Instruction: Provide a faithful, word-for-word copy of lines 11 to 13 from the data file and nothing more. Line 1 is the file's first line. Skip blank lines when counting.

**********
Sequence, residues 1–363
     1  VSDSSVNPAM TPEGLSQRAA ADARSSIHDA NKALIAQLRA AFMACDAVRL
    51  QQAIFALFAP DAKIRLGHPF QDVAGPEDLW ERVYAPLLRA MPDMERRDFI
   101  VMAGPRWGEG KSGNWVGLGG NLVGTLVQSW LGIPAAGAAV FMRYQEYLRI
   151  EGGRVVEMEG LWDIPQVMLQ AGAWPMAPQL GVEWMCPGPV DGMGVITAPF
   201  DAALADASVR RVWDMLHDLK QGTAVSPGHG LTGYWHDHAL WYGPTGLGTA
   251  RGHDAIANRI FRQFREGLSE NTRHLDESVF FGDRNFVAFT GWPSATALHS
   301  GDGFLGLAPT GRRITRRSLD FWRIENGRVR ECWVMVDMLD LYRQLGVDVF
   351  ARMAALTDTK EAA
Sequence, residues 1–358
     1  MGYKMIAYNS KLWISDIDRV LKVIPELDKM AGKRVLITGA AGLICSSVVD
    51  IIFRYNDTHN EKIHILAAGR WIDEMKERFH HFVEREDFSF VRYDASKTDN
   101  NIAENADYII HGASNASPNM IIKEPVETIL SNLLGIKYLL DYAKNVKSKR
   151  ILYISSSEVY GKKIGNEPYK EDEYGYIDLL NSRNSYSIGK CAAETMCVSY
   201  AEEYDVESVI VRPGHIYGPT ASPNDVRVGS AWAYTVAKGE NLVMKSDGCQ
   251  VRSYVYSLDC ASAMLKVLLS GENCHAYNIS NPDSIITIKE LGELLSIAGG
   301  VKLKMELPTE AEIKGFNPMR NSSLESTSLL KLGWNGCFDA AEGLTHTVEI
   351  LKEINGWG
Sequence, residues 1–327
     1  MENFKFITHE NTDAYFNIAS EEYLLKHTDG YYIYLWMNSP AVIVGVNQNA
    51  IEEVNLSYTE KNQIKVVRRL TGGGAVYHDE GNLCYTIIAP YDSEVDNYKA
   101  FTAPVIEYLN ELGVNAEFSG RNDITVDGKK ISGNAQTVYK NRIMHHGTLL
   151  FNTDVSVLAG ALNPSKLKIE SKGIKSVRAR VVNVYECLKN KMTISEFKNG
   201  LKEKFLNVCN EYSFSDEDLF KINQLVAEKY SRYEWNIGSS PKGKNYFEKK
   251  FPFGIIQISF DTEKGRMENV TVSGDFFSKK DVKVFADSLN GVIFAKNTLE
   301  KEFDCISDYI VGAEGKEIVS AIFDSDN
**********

     1  MGYKMIAYNS KLWISDIDRV LKVIPELDKM AGKRVLITGA AGLICSSVVD
    51  IIFRYNDTHN EKIHILAAGR WIDEMKERFH HFVEREDFSF VRYDASKTDN
   101  NIAENADYII HGASNASPNM IIKEPVETIL SNLLGIKYLL DYAKNVKSKR